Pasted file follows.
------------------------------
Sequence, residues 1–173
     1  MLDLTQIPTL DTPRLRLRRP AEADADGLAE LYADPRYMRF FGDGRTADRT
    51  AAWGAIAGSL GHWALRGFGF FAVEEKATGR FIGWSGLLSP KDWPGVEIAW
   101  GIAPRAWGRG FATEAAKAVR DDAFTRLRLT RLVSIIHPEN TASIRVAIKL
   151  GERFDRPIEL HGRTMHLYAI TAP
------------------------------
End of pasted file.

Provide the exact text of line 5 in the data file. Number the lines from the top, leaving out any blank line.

   151  GERFDRPIEL HGRTMHLYAI TAP